Cranial Insertion: Waiting for Moko
By Diane Colley on June 29th, 2008 · Filed in Cranial Insertion · Comments not available just now
Waiting For Moko
(This Is Your Brain On Urchin)
By Eli Shiffrin, Tom Fowler, and Diane Colley
Beebles and Wizened Cenn, Children of Korlis of all ages, welcome to another week of rules and “humor” at Cranial Insertion!
This week we have a delightful assortment of questions spanning from the mild to the maddening, but fear not, for all have been handled by our expert question tamers, and are unlikely to cause bodily harm to readers.*
As always, if you’d like to see your question in lights, send it to email@example.com where the lovely Moko will assist us in perfecting it for publication! Now, without further dilatory remarks, let the questioning begin!
*Neither MTG Salvation nor its authors are liable for psychological trauma associated with the reading of Cranial Insertion: Waiting For Moko. Readers are advised to proceed only at their own risk.
Painting the objects red,
We're painting the objects red.
We dare not stop
Or waste a drop,
So let the paint be spread!
Q: With Painter's Servant in play set to Red, will Chill cause everything to cost an additional ?
A: Yes. The first step in playing a spell is declaring it and putting it on the stack. This means that Painter’s Servant will paint them red before their costs are locked in, so Chill will add the extra .
Originally Posted by 409.1a
The player announces that he or she is playing the spell or activated ability. If a spell is being played, that card (or that copy of a card) physically moves from the zone it's in to the stack. It has all the characteristics of the card (or the copy of a card) associated with it, and its controller is the player who played it.
Q: I control Wasp Lancer and Sickle Ripper. My opponent controls a tapped Leech Bonder and an untapped Island. His Murderous Redcap persists back into play and he targets my Wasp Lancer with its ability. Can he kill both of my creatures?
A: Sorry to be the bearer of bad news, but yes he can. When Murderous Redcap comes into play, its triggered ability goes on the stack. However, it will not check for Murderous Redcap’s power until it resolves, giving your opponent time to move the persist counter onto your Sickle Ripper while the Redcap’s comes-into-play trigger is still on the stack.
Murderous Redcap is murderous.
Q: I control a Contamination and Trinisphere and my opponent announces that he's playing Engineered Explosives for , after which he taps 3 land to pay for the sphere. Will the Explosives come into play with a sunburst counter or not?
A: In figuring out the cost of Engineered Explosives, you select X, find that the would-be converted mana cost of the spell is less than 3, and bump the cost up to for the sphere. Since your opponent is paying for it, he can’t avoid giving it a sunburst counter.
Q: With my opponent’s Mistbind Clique’s champion trigger on the stack, can I cast Sudden Spoiling on him to keep him from tapping my lands? Will he still have to champion a creature?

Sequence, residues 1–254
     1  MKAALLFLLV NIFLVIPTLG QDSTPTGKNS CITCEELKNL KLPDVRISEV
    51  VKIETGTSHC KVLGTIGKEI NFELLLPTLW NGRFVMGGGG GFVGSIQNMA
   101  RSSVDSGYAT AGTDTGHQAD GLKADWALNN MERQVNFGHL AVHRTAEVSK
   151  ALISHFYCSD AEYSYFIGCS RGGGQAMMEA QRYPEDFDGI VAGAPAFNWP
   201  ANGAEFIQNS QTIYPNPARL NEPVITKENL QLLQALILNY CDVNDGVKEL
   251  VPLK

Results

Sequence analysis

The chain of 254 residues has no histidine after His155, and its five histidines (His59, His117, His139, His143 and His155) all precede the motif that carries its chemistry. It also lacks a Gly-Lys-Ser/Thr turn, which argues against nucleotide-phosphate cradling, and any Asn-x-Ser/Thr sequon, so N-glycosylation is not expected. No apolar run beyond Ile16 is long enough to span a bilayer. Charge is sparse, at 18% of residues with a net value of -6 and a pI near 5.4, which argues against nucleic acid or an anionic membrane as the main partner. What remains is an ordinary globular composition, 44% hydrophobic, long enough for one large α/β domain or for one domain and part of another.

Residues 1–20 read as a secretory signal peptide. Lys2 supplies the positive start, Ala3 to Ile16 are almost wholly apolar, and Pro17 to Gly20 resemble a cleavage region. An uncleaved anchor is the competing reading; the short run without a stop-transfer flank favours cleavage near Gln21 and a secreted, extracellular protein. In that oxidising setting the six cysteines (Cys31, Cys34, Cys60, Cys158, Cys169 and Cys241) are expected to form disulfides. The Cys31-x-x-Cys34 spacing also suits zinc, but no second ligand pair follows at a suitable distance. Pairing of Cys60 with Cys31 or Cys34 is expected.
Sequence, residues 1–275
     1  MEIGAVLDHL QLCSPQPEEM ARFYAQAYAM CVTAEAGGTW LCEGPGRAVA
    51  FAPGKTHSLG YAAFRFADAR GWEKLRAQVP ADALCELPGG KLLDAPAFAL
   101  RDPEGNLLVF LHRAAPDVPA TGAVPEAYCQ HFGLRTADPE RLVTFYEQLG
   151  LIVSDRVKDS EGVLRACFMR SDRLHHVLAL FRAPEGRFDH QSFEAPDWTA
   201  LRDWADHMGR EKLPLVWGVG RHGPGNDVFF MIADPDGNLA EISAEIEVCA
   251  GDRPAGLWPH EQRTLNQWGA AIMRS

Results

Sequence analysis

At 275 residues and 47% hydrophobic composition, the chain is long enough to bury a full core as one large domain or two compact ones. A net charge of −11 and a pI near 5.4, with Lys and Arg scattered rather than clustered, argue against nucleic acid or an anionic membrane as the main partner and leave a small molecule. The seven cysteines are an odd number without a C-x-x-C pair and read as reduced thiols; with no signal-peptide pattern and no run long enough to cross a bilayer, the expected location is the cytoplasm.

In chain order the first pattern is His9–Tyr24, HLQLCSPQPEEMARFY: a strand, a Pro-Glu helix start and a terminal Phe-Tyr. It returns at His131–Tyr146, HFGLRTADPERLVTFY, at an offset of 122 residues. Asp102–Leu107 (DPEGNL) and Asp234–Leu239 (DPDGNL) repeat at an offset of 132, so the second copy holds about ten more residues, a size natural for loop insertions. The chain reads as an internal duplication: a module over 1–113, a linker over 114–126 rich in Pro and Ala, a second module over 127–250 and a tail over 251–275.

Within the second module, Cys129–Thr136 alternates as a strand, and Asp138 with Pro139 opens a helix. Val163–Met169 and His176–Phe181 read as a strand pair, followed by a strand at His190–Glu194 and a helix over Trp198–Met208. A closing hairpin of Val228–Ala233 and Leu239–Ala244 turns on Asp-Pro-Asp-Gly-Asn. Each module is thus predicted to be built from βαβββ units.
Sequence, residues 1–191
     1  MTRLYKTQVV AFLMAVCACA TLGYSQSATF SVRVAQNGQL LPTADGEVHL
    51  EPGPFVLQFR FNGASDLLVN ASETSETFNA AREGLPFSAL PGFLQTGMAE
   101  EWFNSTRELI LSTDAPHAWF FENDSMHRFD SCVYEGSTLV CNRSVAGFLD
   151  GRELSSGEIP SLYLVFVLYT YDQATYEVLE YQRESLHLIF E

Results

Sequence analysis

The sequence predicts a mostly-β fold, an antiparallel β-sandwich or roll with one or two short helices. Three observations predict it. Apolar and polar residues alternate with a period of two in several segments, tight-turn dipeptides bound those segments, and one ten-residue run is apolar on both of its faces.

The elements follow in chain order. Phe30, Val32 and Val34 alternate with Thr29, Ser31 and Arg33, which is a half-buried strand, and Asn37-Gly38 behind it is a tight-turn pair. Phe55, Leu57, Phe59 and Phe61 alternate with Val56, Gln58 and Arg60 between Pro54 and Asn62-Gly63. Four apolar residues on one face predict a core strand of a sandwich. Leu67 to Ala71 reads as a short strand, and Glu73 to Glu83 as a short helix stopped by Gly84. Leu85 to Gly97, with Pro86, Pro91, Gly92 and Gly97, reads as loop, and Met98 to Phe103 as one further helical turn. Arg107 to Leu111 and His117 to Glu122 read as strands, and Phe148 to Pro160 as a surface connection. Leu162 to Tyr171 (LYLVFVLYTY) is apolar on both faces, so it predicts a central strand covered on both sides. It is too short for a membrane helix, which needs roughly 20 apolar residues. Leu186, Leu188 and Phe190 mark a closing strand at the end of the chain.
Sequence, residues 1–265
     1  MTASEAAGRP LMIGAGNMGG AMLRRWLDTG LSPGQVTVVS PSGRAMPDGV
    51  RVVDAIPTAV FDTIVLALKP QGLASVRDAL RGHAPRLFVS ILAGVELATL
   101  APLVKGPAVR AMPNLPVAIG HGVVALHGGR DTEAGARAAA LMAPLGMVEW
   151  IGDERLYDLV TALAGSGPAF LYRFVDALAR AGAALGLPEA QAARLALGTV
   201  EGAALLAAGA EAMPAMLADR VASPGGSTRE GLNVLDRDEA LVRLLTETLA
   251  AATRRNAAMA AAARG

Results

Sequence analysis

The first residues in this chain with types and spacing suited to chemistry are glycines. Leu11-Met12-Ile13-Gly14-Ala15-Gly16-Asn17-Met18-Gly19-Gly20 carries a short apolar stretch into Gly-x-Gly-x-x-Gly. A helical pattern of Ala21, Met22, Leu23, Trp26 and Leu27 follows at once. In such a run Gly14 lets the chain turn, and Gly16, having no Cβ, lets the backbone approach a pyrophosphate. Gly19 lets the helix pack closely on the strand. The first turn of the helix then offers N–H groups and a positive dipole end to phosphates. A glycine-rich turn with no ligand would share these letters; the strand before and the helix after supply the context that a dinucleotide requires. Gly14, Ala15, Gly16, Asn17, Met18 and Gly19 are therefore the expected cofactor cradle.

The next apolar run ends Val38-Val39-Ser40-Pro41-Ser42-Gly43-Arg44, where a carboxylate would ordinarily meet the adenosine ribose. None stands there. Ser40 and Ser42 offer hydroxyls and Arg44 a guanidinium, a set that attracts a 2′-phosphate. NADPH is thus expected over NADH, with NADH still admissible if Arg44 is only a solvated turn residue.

A: Mistbind Clique’s tapping ability triggers on championing a creature, therefore, if it no longer has the ability when the champion trigger resolves, it can’t trigger. Your opponent will still have the option of championing a creature, since the champion ability was already on the stack and remains unchanged by Sudden Spoiling. If he doesn't champion a creature, he'll have to sacrifice the Clique.
Originally Posted by 402.6
Once activated or triggered, an ability exists independently of its source as an ability on the stack.
evryday iz Caturday!
Q: I cast Tower Above on my Caterwauling Boggart and attack. I target one of my opponent’s two creatures with the triggered ability granted by Tower Above. Is he forced to block with both of his creatures?
A: Yes, he is. Tower Above sets up a requirement for blocking, while Caterwauling Boggart has a restriction on what can block it. A player is compelled to fulfill as many requirements as possible without violating any restrictions. Double blocking fulfills both the requirement without violating the restriction, while not blocking fills no requirements (though it is in-line with the restriction).
To caterwaul is to cry like a cat, says The Internet. The boggarts must be celebrating Caturday.
Originally Posted by 500.4
A restriction conflicts with a proposed set of attackers or blockers if it isn't being followed. A requirement conflicts with a proposed set of attackers or blockers if it isn't being followed and (1) the requirement could be obeyed without violating a restriction and (2) doing so will allow the total number of requirements that the set obeys to increase. If there are multiple scenarios in which all restrictions are being followed and the maximum possible number of requirements are being followed (even if not all of them are), then any of those scenarios are legal.
Q: If I Stifle my opponent’s activation of Chimeric Coils, will he still have to sacrifice it at end of turn?
A: No. Sacrificing Chimeric Coils happens on the resolution of the delayed triggered ability set up by Chimeric Coils’ activated ability. If you Stifle the activation, the delayed triggered ability is never put in place.
More simply, no, they’re all part of the same ability.
Q: If I use Makeshift Mannequin to reanimate my Grizzly Bears, then target them with Cauldron of Souls, will they persist?
A: Cauldron of Souls cannot save your Grizzly Mannequin. When you target the Makeshift Bears with the Cauldron, their ability will trigger and be put on the stack on top of the Cauldron’s ability. The destruction trigger will resolve before the Cauldron can give the Bears persist.
Q: I control Opalescence, Meddling Mage naming Hyalopterous Lemure and Runed Halo naming Island. If I cast Mirrorweave—
[Thank you for writing in! Moko will soon be dispatching a letter bomb to your return address! As always, send your questions to firstname.lastname@example.org! -ed]